Introducing Industry ∞.0. The Future Has No Limit.

We sit at ground zero in time, technology and geography of this fascinating development.


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Is Industry ∞.0 upon us? To answer this question, we must turn our sights back to 1890 when a man, about whom most know little, initiated a string of events that led to the infinite industrial revolution. It took the United States Census Bureau eight years to process the data garnered in the 1880 census. Eight years. By the time that procedure was completed, the country was on the verge of commencing its next census in 1890. Enter Herman Hollerith. Born in 1860 to German immigrants, Hollerith invented the electromechanical tabulating machine. Hollerith’s machine didn’t require eight years to process the 1890 census data. It did it in 5.5 hours.

Such was born the Exponential Economy, wherein the speed at which we process data by nonhuman means doubles every 12 to 18 months, a phenomenon now known as Moore’s Law (named for Gordon Moore, the founder and chairman emeritus of Intel Corporation). Over 50 years ago, Moore postulated that, for years to come, processing speeds would increase exponentially, a reality that continues to this day.

Thanks to the Exponential Economy, products double in price performance every year or two, explaining why our smartphones can do twice as much today (process information, communicate with each other, charge their batteries without being plugged into the wall, snap photos with higher resolution) than they could two years ago for about the same amount of money. Put another way, a smartphone with two-year-old technology today costs about half of what it did two years ago. This phenomenon is true not just of our phones but also for our vehicles, televisions, computers, tablets, intelligent personal assistants and more.

The concept of the Exponential Economy is nothing new. In the “zeros,” I and others traveled the globe sharing the concept with audiences who were intent on understanding how exponential technological growth would affect their organizations and what they could do about it.

Also not new is the concept of Industry 4.0, the idea that we have entered the fourth industrial revolution — where industrial equipment is interconnected and loaded with smart sensors and smart devices that communicate directly with one another and make decisions on their own, rather than relying on programmable logic controllers or networked computers. These devices and sensors gather exponentially unprecedented amounts of data and send it to the cloud where it is hyperanalyzed; thereby enabling, for example, industrial equipment to predict its own future failure and order its own replacement parts before the failure ever happens.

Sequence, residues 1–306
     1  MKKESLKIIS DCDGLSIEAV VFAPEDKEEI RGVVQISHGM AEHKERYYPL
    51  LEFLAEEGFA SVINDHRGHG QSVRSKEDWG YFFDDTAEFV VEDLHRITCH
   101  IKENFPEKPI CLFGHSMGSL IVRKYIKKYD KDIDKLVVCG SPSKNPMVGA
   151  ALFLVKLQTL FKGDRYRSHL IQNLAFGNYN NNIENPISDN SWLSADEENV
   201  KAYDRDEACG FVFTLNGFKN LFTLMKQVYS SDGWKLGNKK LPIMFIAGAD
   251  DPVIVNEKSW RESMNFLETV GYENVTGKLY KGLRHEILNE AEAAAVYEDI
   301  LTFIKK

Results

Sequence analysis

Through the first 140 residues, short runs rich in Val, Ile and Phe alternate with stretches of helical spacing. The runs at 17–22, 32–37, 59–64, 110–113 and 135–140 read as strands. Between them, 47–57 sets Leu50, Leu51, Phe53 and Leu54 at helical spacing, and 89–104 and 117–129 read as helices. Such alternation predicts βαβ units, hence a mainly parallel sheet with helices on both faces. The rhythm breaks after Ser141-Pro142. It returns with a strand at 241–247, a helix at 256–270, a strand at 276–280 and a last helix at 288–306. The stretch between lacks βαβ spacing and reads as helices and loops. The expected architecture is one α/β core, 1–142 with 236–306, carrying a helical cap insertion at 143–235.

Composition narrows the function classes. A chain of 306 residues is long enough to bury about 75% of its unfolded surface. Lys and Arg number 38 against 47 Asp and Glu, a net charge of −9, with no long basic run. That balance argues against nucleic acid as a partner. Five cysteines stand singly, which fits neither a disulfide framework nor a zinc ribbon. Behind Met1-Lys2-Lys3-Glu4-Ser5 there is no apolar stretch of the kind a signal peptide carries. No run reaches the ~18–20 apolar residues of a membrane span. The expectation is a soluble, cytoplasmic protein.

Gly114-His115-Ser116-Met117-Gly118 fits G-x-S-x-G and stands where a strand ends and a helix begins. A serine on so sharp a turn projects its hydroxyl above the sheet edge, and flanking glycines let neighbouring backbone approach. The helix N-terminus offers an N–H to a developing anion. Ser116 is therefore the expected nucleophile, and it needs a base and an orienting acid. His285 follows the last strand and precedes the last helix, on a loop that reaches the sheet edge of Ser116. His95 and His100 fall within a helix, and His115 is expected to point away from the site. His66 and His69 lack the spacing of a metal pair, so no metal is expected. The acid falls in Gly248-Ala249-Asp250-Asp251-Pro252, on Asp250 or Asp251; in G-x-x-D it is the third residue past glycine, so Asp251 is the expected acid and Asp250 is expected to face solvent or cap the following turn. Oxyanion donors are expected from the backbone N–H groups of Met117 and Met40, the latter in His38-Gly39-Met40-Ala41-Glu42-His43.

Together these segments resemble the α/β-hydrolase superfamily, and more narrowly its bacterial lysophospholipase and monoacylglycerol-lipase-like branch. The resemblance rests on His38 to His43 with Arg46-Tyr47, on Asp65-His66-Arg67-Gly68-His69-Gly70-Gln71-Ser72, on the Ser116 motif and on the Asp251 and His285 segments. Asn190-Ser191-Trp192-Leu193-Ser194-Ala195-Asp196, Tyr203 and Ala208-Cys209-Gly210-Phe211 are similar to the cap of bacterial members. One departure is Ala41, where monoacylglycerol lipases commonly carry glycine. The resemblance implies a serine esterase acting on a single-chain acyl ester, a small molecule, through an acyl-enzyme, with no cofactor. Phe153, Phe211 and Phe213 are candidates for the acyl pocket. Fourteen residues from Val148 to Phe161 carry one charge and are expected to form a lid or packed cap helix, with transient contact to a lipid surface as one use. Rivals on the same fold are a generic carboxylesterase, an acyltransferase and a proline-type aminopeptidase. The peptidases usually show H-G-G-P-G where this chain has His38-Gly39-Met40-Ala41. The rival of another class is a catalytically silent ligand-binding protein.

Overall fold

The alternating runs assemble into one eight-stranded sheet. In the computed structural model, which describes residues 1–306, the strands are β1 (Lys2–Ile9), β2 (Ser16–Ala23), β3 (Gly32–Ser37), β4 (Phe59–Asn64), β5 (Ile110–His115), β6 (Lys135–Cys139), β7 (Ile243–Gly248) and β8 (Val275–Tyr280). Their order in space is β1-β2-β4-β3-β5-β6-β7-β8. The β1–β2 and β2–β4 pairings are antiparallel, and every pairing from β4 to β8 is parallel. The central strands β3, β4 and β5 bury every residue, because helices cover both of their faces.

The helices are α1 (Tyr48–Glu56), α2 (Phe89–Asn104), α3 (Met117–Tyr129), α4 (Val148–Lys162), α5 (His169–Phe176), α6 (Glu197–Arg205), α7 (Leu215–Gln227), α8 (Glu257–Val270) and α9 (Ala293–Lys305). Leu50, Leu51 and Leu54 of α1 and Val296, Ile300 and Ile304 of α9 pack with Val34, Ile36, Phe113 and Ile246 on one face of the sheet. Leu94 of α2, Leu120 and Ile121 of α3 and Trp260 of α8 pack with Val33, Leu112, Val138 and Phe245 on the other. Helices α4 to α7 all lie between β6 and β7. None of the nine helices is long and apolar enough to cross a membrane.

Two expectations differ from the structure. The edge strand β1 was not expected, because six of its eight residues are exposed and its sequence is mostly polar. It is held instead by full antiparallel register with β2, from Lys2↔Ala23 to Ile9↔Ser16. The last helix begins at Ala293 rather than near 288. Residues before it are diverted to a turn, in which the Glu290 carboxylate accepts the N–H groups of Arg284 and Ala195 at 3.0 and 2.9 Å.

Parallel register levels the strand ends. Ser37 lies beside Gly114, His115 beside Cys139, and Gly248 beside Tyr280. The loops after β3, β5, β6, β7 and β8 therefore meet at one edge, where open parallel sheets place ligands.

Industry 4.0 technology is not limited to smart sensors and smart devices. Other examples include artificial intelligence, where machines are programmed to make decisions for humans, and machine learning, where machines not only make their own decisions but are trained to analyze external stimuli and become smarter on their own. Augmented reality technology enables a maintenance technician to look at an electrical circuit and see a diagram of that circuit superimposed over the actual circuit they are viewing. Digital twins create mirror images of industrial processes, making it possible to test changes to processes in a virtual environment. These comprise just a handful of examples of Industry 4.0 technology. Like each of its predecessors, the fourth industrial revolution is fundamentally changing the manner in which products are manufactured around the globe.

Not to be outdone by Industry 4.0, consultants, leadership speakers and technology gurus have now begun proselytizing Industry 5.0, the concept that man and machine will become one in the workplace. Examples include collaborative robots that enable humans to safely work side-by-side with industrial robots, and exoskeletons (external robotic skins donned by industrial workers who can then perform human tasks with superhuman rigidity and strength). Industry 5.0 also boasts the convergence of human intelligence and artificial intelligence, facilitating better and faster decision-making in the industrial workplace. Can it be that, while 50-75 years were consumed between the previous industrial revolutions, it took less than 10 to get from the fourth to the fifth?

I view it another way. Perhaps we are at center point of the convergence between the Exponential Economy and Industry 4.0. A big bang of sorts, where the speed at which data is processed and the rate at which industry is innovating collide, exploding into unlimited opportunity for industrial advancement.

I call this new era Industry ∞.0 or Industry Infinity.0. Continuous industrial innovation and revolution, where technologies both inside and outside of industry converge to create data and technology-driven manufacturing methods and processes of which we never could have previously dreamed.

Rather than being left to hypothesize about what the next industrial revolution will bring, we sit at ground zero in time, technology and geography of this fascinating development. Let us not wait for the next industrial revolution to define itself. Welcome to Industry ∞.0 where the future and magnitude of industrial innovation is limitless